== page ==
City Without Orphans
By Jordan Venema
Children are our future, but as valuable as they are, they are also vulnerable, and none more so than the orphans, those children without an advocate. So in February 2011, a Fresno couple began dreaming about what their city might look like if every child had a home.
“Nobody was doing the work that we saw was needed, and that’s why we started our organization. There was a gap,” says Whitney Bunker, director of City Without Orphans. “There were many gaps in our system.”
A Fresno Pacific University graduate with a degree in social work, Bunker first discovered those gaps while working with foster care agencies in the Central Valley, so she and husband Daniel founded the nonprofit “to bridge the gap between the foster care system, our local churches and the government.”
“We really focus on four areas that have the most need,” says Bunker, which she calls awareness, education, mobilization and support.
Most people, Bunker suggests, just aren’t aware that in Fresno there are 2,000 children in the foster care system, with another 900 in Tulare County. There’s also a misperception that kids are in the system because of bad behavior, “but really it’s no fault of their own.”
It’s a simple first step, but City is attempting to bring awareness to these children’s stories by speaking at churches, planning events and becoming an information resource.
The next step, says Bunker, is education. “Our communities are in dire need of good quality foster care families, and while about a third of families contemplate adoption, only 2 percent take action.”
To help interested families through an unfamiliar process, City began offering free, pre-orientation seminars on weekends. Call it an adoption workshop, to which the nonprofit also invites agencies to set up booths and connect with families.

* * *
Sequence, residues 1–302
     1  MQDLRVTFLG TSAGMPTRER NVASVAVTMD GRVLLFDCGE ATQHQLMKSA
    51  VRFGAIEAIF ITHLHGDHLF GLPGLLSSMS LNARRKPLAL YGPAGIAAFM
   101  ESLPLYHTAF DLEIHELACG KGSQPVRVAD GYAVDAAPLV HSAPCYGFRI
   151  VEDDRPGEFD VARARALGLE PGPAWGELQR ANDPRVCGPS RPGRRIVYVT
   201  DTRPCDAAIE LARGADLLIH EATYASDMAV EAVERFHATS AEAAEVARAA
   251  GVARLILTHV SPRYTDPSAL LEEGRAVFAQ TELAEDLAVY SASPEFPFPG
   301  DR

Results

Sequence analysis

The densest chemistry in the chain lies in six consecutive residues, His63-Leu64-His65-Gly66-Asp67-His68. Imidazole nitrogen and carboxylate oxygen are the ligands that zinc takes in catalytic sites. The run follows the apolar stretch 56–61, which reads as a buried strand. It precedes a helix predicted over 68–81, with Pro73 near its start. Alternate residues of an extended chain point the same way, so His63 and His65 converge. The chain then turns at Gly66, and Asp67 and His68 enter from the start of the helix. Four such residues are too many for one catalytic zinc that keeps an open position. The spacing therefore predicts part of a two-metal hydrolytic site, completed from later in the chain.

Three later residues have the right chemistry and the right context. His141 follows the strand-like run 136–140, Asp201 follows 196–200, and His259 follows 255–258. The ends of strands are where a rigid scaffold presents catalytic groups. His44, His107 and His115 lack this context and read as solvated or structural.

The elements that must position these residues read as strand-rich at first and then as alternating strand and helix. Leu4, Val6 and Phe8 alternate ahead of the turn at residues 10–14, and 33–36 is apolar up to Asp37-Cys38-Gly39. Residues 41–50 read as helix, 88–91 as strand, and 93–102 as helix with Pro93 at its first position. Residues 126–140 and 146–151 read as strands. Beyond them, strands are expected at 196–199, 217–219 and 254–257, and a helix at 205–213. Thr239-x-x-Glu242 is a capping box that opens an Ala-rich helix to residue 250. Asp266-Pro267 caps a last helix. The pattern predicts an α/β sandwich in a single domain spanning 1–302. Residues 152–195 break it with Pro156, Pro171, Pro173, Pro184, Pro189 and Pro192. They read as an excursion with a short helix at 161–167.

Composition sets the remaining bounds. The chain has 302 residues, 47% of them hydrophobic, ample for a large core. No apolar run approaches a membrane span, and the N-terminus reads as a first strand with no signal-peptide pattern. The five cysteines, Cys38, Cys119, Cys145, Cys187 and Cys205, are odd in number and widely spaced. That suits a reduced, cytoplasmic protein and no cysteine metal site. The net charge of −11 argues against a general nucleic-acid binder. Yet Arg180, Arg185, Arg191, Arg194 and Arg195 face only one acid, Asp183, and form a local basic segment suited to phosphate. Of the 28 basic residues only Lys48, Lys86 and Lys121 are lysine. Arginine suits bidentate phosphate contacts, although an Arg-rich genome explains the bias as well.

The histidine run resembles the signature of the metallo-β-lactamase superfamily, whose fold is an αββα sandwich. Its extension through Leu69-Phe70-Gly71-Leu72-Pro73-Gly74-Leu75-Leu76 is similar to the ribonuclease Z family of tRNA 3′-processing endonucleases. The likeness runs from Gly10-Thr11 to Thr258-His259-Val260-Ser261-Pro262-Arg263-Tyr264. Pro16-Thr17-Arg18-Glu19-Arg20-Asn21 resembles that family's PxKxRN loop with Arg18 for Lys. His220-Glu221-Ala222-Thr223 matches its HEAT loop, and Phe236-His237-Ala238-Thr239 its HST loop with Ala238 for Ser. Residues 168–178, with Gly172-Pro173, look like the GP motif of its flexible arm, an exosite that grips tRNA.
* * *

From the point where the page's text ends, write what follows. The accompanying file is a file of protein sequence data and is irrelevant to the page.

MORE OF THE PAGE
In 2012, City held an adoption workshop at Radiant Church in Visalia, which had 65 people sign up.
“It was the biggest seminar we ever had at that point,” says Bunker. “About seven or eight families from that seminar have already fostered or are currently in the process of adopting.”
Bringing awareness and education to the community is but a primer to City’s more practical efforts to build bridges between families and resources.
Mobilization, as Bunker calls it, is City’s attempt to serve as liaison between government agencies and a community made up of families and businesses. That means organizing toy drives and clothing drives, events that complement the work of government agencies.
It’s about accessing the resources that others have and are willing to offer, says Bunker. They’ve had professional photographers “gift” their services to provide portraits to families.
Ultimately, though, Bunker says, “it’s not enough for us to recruit families for foster care and adoption. We have to invest in supporting those families.”
City organizes and offers “post-placement support,” which can range from post-adoption instruction courses to organized babysitting.
“We teach a nine-week course called the Power to Connect, which trains and gives extra tools to help parents with kids from trauma and hard backgrounds,” explains Bunker. “We also offer a free babysitting night for families.”
Thanks to a grant through Junior League, City can now provide babysitting bi-monthly instead of quarterly, which they rotate between regional churches. “The church will babysit their kids for three hours so they can go on a date, or just get some R&R. It’s helpful for their marriage and emotional wellbeing, and it’s just nice to give them a break,” says Bunker. “Plus, the kids have fun.”
For the Bunkers, City Without Orphans isn’t just a professional calling. The couple adopted their 5-year-old daughter in 2013, and fostered another child in 2015. The experience of becoming adoptive parents, says Bunker, “has allowed me to be better at serving these families that we work with.” And the work is important, Bunker says, because “this is our future generation.”
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